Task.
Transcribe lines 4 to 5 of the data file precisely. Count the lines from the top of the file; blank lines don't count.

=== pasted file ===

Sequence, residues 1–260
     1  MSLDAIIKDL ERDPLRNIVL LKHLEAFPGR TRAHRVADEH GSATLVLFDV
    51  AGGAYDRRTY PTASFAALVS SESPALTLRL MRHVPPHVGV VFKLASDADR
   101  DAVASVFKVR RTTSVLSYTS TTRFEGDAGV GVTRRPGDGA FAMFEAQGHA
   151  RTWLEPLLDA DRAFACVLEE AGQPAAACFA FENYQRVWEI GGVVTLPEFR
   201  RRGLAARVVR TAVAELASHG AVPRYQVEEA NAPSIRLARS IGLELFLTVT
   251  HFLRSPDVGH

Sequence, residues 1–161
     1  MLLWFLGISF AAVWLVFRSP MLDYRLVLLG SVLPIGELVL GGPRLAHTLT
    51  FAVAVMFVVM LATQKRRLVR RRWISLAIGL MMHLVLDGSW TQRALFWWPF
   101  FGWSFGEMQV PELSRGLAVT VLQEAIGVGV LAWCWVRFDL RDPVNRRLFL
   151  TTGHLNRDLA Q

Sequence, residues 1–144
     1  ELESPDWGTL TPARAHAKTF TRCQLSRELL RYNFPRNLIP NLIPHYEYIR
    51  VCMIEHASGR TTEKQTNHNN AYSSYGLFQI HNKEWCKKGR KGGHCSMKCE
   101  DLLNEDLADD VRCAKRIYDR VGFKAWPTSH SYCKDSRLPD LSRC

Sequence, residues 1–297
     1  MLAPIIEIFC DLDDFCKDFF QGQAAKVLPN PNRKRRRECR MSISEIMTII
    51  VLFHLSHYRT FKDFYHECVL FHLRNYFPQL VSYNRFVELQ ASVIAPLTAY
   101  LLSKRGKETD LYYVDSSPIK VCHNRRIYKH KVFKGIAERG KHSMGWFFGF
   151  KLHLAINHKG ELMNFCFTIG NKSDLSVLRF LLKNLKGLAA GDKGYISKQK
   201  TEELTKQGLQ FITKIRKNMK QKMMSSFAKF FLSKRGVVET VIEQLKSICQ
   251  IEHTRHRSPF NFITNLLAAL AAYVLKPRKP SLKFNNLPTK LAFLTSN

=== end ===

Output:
   101  DAVASVFKVR RTTSVLSYTS TTRFEGDAGV GVTRRPGDGA FAMFEAQGHA
   151  RTWLEPLLDA DRAFACVLEE AGQPAAACFA FENYQRVWEI GGVVTLPEFR